from Net Politics and Digital and Cyberspace Policy Program

Cyber Week in Review: December 1, 2017

Chinese officials prepare the Chinese flag before a meeting with U.S. officials in 2013. Alexander F. Yuan/Reuters

This week: Three Chinese nationals indicted on hacking charges, a BRICS internet, Germany takes aim at Facebook again, and Timothy Carpenter goes to the Supreme Court. 

December 1, 2017

Chinese officials prepare the Chinese flag before a meeting with U.S. officials in 2013. Alexander F. Yuan/Reuters
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Cybersecurity

Russia

China

Privacy

Here is a quick round-up of this week’s technology headlines and related stories you may have missed:

1. Did China violate the 2015 Obama-Xi deal? The U.S. Department of Justice charged three Chinese nationals for hacking into the networks of three U.S companies and stealing proprietary data. The indictment is the first since the 2015 U.S.-China deal to not sponsor the cyber theft of intellectual property for commercial gain, and has led to speculation whether Beijing is violating it. The three nationals are believed to work for Boyusec, which some U.S. cybersecurity companies claim is a contractor for China's Ministry of State Security. If true, China would only be breaking the 2015 deal if the information was stolen at Beijing's behest and was transmitted to Chinese companies to get an edge over their U.S. competitors. The indictment remains silent on whether the Department of Justice believes the actions were state-directed or to benefit national champions, though it does point out that at least one of the technologies stolen had "no military applications"--the implication being that stealing it was outside the scope of acceptable espionage. According to Politico, the Department of Justice raised the Boyusec case with Chinese counterparts before pressing charges but "received no meaningful response." U.S. officials are likely using the case as a not-so-subtle signal to Beijing to abide by the agreement, though some fear Beijing could retaliate by charging former NSA hackers and limiting their ability to travel.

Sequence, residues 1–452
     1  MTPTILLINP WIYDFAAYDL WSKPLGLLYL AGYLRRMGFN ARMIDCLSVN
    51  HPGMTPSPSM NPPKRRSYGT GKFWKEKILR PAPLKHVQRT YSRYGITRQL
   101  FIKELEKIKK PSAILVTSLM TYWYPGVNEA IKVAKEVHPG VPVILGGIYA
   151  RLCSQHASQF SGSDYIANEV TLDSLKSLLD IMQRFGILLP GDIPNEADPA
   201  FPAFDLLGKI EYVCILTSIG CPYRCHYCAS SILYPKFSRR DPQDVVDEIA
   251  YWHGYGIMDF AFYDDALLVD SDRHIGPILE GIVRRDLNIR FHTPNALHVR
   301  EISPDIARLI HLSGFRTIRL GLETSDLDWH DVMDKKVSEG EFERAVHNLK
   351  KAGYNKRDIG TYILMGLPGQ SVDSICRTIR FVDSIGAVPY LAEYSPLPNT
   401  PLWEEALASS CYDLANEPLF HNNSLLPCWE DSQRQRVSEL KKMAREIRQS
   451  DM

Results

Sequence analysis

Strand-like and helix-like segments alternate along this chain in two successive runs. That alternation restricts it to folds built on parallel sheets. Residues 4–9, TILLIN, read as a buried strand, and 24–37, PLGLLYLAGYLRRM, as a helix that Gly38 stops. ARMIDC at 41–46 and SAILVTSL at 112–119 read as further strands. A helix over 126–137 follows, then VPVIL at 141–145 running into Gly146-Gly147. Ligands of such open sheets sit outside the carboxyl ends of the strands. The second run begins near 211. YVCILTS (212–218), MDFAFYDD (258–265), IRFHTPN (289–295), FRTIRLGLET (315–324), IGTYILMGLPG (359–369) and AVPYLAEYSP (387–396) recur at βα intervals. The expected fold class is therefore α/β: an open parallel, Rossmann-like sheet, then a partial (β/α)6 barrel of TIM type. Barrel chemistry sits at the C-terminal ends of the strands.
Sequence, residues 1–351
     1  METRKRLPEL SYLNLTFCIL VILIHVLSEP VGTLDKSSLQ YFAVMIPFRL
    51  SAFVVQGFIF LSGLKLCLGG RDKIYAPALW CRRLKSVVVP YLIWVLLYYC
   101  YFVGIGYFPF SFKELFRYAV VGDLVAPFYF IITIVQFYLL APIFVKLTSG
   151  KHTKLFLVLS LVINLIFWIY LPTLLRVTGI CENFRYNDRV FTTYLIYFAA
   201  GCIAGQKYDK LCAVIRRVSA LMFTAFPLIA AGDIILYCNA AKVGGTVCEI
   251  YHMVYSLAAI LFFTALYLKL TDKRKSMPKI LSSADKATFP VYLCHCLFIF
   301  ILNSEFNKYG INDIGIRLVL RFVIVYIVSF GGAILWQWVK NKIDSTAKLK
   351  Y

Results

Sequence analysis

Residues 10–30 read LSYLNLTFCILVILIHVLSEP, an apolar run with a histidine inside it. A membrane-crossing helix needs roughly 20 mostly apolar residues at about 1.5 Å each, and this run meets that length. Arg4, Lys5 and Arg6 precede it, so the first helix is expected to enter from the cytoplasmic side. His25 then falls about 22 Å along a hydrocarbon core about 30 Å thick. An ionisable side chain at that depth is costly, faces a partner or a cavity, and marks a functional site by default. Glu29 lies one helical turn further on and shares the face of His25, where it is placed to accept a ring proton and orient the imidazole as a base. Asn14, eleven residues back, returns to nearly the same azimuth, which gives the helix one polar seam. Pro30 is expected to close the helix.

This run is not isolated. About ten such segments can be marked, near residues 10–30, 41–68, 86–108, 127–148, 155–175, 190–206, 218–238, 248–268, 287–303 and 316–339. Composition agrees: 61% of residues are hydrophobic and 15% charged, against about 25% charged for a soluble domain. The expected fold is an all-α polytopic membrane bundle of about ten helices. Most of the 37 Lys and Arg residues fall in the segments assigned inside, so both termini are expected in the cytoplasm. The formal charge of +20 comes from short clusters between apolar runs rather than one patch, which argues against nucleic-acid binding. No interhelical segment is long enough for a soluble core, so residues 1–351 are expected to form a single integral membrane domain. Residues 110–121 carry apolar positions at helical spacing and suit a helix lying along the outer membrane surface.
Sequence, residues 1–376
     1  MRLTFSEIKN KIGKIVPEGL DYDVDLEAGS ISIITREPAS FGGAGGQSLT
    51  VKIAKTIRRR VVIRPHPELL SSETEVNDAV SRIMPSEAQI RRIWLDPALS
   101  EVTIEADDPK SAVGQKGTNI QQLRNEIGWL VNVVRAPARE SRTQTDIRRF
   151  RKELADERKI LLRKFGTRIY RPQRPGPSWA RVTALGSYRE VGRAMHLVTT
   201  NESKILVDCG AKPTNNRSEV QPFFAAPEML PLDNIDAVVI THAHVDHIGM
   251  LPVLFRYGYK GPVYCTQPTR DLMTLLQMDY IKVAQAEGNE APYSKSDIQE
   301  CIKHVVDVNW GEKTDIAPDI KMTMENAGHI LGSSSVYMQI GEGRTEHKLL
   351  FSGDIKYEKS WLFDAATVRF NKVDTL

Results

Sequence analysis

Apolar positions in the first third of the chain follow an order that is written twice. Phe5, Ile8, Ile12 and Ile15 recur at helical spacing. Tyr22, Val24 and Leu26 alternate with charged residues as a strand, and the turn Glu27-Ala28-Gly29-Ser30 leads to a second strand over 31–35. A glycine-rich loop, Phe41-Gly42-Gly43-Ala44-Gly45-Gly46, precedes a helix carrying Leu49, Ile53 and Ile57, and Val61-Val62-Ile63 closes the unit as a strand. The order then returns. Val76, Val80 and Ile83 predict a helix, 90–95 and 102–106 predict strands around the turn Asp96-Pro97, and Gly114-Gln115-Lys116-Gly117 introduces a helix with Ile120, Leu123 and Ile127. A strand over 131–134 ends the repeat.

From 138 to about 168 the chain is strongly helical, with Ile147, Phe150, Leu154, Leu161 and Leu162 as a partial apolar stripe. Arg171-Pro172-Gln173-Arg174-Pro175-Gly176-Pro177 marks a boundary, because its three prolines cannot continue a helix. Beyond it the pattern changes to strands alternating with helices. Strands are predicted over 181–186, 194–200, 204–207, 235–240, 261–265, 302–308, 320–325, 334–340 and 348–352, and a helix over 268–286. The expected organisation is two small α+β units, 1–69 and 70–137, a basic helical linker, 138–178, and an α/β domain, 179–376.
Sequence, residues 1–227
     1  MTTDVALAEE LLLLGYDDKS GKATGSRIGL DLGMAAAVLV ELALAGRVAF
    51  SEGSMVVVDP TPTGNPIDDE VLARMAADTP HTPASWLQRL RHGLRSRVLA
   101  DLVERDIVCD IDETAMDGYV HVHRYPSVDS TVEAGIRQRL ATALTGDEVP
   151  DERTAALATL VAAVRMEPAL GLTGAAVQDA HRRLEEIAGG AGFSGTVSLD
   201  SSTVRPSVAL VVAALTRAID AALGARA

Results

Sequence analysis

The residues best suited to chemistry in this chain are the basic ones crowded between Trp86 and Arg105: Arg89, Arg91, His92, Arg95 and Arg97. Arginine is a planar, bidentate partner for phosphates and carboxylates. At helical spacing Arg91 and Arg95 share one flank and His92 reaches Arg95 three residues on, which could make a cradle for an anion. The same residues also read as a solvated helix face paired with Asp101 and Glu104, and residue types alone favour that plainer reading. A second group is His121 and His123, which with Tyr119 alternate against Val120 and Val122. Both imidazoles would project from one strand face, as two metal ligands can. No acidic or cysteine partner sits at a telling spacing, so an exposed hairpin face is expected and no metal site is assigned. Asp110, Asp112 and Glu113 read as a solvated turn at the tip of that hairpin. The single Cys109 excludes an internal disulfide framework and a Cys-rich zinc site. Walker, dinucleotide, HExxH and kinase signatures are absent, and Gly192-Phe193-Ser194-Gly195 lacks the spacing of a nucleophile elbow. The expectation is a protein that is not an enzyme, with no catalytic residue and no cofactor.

2. We're going to build our own internet, with our own Bender memes and rickrolls. Russian media outlet RBC reports that the Kremlin issued a directive in October ordering the country's telecommunications ministry to develop a backup domain name system (DNS) for the exclusive use of BRICS countries (Brazil, Russia, India, China, and South Africa). Russia has long been concerned that the United States could remove the .ru top-level domain from the internet, making all Russian websites with a .ru domain inaccessible. It is unclear whether Russia plans to build a DNS entirely separate from the existing DNS that allows the internet to function (effectively creating two internets) or whether it will build more DNS mirrors to make the .ru domain more resilient. As Kieren McCarthy points out in the Register, the odds of the United States kicking .ru off the internet is close to zero (and perhaps impossible now that the United States no longer contractually oversees the DNS), and even if it could, the existing resiliency built into the DNS would ensure that such a drastic move would not cascade across the world. 

3. Hell hath no fury like a German intelligence officer scorned. In a speech this week, the head of Germany’s domestic intelligence agency took aim at Facebook and other social media platforms for not doing enough to combat misinformation. He criticized them for "hiding behind the legal privileges" they enjoy to spread information without taking any editorial oversight over their content and argued that “democratic pluralism loses its foundations if it is no longer based on facts.” Germany has been a leading advocate for placing stricter regulations on networking sites, passing a law this summer that imposes fines of up to €50 million if a platform does not remove hate speech within twenty-four hours of being posted. In response to the law, Facebook announced it would be adding 500 more contractors to monitor content in Germany, bringing the total to 1,200 people reviewing posts in the county.

4. Wither the third party doctrine?The U.S. Supreme Court heard arguments for Carpenter v. United States, which could change the way privacy protections apply to cell phone location data. The case involves a man who was convicted of several robberies based on records from his phone service provider proving he was at the crime scenes. The data was obtained following a legal precedent set in 1979 that allows telephone companies to provide metadata, like location, to the U.S. government without a warrant. The ACLU argues that cellphone metadata can reveal a person's habits that would ordinarily be protected by the Fourth Amendment. The justices seemed to agree. A decision is not expected until this coming summer.

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